Ricky D. (“Father”) appeals the termination of his parental rights to his minor child, Jackson D. (“the Child”). In July 2018, Heather M. (“Mother”) and her husband, Jason M. (“Stepfather”), filed a petition to terminate Father’s parental rights to the Child in the Bradley County Chancery Court (“Trial Court”). Following a trial, the Trial Court found that Mother and Stepfather had proven by clear and convincing evidence the ground of Father’s ten-year sentence entered when the Child was younger than eight years old and that termination of Father’s parental rights was in the best interest of the Child. Discerning no error, we affirm.

Bradley County Court of Appeals 08/17/20
Jose Sifuentes, D/B/A Jose's Electric v. D.E.C., LLC
M2018-02183-COA-R3-CV

A general contractor hired a subcontractor to install wiring and machinery for a bowling alley.  The subcontractor completed the work, but the general contractor failed to pay the subcontractor’s last five invoices.  The subcontractor sued the general contractor for breach of contract, quantum meruit, promissory estoppel, and promissory fraud.  The general contractor moved to dismiss, asserting that the subcontractor was unlicensed.  The trial court granted the motion based on the subcontractor’s failure to comply with Tennessee Code Annotated § 62-6-103(b) (2019).  Applying the standard of review applicable to a motion for summary judgment, we conclude that the trial court erred in dismissing the quantum meruit claim based upon the statute.  We affirm in all other respects.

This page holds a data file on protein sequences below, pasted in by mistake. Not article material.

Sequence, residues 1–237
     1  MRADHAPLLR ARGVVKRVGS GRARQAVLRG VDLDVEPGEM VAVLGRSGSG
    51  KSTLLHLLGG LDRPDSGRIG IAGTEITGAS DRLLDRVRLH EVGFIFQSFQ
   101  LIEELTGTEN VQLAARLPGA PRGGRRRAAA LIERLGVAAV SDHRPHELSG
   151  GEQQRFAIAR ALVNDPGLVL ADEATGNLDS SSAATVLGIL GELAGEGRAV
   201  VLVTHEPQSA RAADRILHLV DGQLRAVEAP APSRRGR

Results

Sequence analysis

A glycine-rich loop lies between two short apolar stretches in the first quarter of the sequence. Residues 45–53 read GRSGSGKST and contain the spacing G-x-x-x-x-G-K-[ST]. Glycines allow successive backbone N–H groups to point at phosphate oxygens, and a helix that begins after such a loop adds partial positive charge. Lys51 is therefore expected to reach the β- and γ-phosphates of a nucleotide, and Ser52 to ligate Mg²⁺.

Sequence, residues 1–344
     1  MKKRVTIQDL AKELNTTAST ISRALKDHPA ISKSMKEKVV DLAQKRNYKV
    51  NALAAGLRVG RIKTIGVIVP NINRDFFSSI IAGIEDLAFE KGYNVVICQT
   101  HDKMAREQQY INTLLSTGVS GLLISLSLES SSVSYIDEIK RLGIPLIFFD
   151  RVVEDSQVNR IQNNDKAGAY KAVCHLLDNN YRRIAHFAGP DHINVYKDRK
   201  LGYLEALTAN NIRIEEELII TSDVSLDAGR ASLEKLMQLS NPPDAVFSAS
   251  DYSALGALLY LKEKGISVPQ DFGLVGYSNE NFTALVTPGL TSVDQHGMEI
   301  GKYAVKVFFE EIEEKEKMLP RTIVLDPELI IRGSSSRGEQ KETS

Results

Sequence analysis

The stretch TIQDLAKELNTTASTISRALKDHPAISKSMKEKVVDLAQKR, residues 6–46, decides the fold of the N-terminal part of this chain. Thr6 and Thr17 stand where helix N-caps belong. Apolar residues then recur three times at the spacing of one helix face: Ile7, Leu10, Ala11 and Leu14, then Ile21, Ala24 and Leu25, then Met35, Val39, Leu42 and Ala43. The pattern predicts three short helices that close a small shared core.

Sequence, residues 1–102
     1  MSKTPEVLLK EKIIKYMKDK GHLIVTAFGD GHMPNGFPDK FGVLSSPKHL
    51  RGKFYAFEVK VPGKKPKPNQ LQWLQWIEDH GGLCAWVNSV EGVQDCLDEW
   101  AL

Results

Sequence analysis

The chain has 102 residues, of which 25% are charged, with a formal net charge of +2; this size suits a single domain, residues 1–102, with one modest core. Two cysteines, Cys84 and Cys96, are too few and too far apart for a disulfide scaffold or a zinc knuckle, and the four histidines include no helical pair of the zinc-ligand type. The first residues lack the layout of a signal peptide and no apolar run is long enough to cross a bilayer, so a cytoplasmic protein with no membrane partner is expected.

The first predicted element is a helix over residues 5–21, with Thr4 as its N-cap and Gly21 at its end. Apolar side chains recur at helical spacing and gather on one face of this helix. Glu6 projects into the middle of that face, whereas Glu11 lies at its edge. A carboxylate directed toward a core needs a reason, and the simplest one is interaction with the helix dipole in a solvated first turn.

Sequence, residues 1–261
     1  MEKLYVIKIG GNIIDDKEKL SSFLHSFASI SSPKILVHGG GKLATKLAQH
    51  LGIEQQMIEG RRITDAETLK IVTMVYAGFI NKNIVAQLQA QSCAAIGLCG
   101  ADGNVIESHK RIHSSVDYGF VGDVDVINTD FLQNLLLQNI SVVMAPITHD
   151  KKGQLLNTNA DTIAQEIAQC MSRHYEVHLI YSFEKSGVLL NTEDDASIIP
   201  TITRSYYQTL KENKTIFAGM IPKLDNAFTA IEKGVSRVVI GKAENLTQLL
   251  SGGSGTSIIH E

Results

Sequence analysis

Davidson County Court of Appeals 08/17/20
Lavar R. Jernigan v. State of Tennessee
M2019-00182-CCA-R3-PC

The Petitioner, LaVar R. Jernigan, appeals the order of the Rutherford County Circuit Court denying post-conviction relief from his convictions for six counts of especially aggravated sexual exploitation of a minor, for which he received an effective sentence of thirty years’ imprisonment. See State v. LaVar Jernigan, No. M2016-00507-CCA-R3-CD, 2017 WL 1019513 (Tenn. Crim. App. Mar. 15, 2017). The Petitioner argues the State failed to disclose the existence of a “notebook” compilation containing over 6000 text messages between the victim and the Petitioner, in violation of Rule 16 of the Tennessee Rules of Criminal Procedure and in violation of Brady v. Maryland, 373 U.S. 83, 83 S. Ct. 1194 (1963). He additionally argues that trial counsel was ineffective in failing to (1) advise the Petitioner of the existence of the notebook thereby resulting in the Petitioner’s rejection of a four-year offer by the State to settle the case; (2) object to the admission of the “notebook” at trial; and (3) prepare and preserve the record in his direct appeal. Upon our review, we vacate the Petitioner’s convictions, reverse the judgment of the post-conviction court, and remand this matter for a new trial.

Rutherford County Court of Criminal Appeals 08/14/20
State of Tennessee v. Andy F. Nunez
M2019-00473-CCA-R3-CD